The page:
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Costs of health care reform

Just days after President Obama signed the historic legislation aimed at increasing coverage for the millions Americans without health insurance, companies are racing to warn shareholders of the increased expenses.  No word on the costs local Kansas City companies like Sprint, Hallmark and Cerner but we can expect  to hear more in the coming weeks.

* John Deere – $150 Million
* Caterpillar – $100 Million
* AK Steel – $31 Million
* 3M – $90 Million
* AT&T – $1 Billion

As the days and weeks drag on, we can expect to see more announcements from large companies around the country. Although changes to benefits will not be immediate, it is only reasonable to assume that many will be looking for ways to reduce costs and/or pass these additional expenses onto employees. Verizon sent a letter to employees stating that changes in the law could have an impact on both retires and current employees.

Now it appears that some Democratic lawmakers are challenging the claims made by these companies. I guess that these public announcements don’t play into the game plan of convincing the American people that the new law is designed to expand coverage and bring down costs. Executives from Verizon, Caterpillar and John Deere have been asked to provide documentation to congressional committees by April 9th. Boeing and MetLife have also expressed concern that the changes could result in the coverage reductions and retirees shifting to Medicare Part D.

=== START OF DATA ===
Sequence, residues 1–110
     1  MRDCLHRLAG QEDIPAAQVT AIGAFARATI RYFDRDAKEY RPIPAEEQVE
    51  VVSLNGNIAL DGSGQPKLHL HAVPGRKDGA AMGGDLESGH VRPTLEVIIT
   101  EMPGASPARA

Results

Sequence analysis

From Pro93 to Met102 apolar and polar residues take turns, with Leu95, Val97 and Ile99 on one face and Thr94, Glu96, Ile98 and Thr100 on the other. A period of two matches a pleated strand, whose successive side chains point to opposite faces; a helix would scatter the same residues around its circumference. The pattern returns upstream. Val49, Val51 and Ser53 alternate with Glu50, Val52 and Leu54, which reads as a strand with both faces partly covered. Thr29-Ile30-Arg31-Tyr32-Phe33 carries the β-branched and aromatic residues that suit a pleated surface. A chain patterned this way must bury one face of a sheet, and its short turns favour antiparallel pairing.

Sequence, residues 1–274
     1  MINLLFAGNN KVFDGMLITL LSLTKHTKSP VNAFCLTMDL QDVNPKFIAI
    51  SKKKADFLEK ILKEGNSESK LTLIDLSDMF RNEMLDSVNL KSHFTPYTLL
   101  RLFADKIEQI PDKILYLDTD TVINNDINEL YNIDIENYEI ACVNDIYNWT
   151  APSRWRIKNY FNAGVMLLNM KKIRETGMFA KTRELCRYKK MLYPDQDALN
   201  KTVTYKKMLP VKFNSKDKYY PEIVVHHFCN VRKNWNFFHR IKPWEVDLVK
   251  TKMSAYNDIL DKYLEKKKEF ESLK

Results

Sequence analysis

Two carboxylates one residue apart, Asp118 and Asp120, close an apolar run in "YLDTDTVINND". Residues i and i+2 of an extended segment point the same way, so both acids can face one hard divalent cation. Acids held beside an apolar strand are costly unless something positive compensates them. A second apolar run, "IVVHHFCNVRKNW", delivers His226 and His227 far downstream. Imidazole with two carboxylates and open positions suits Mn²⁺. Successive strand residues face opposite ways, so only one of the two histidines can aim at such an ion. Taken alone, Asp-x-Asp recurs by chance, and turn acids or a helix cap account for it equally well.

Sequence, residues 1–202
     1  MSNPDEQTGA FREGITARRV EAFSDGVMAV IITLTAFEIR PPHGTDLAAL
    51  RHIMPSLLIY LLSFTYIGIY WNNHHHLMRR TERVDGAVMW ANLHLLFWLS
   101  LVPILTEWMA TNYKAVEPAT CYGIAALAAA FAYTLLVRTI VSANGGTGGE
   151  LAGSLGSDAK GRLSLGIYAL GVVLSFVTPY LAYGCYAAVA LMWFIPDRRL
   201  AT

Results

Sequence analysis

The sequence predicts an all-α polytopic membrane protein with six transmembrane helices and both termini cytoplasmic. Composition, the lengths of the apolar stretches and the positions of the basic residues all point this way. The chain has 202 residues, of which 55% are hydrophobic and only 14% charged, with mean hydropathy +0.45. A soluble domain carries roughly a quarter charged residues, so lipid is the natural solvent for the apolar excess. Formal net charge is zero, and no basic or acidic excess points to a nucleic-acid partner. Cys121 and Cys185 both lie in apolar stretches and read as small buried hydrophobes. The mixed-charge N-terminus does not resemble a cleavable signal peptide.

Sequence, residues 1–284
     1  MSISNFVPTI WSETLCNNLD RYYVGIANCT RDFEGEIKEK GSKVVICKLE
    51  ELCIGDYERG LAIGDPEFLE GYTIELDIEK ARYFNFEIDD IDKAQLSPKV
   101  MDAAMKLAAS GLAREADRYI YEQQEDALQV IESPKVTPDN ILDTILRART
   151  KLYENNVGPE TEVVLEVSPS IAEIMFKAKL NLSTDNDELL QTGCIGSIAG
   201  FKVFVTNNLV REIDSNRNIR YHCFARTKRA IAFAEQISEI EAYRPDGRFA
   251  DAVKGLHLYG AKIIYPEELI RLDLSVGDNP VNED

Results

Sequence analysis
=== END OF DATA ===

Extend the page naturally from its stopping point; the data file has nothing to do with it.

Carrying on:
Comments

  • BizCommentaryExaminer 4 years ago

    Nice story on all counts. Great info!

    Subscribing to you.

  • Denise 4 years ago

    It's a good thing we have health care reform, because it's making me sick.

  • Dylan 4 years ago

    Of course companies are mad about the govt. taking away the free money (tax breaks) they were receiving on their free money (subsidies). It was crazy that this loophole was there to begin with. Let's say a company spent $100 for a retiree for prescription drug coverage. The govt gives them $28 which won't change under the new rules as a subsidy to provide this benefit. Then, the company can turn around and deduct all $100 on their taxes even though that wasn't all their money. It is taxpayer money. Now companies will only be able to deduct the correct 72% of the actual amount they are paying. They still get the 28% though, we just never should have been giving them the extra tax break to begin with.

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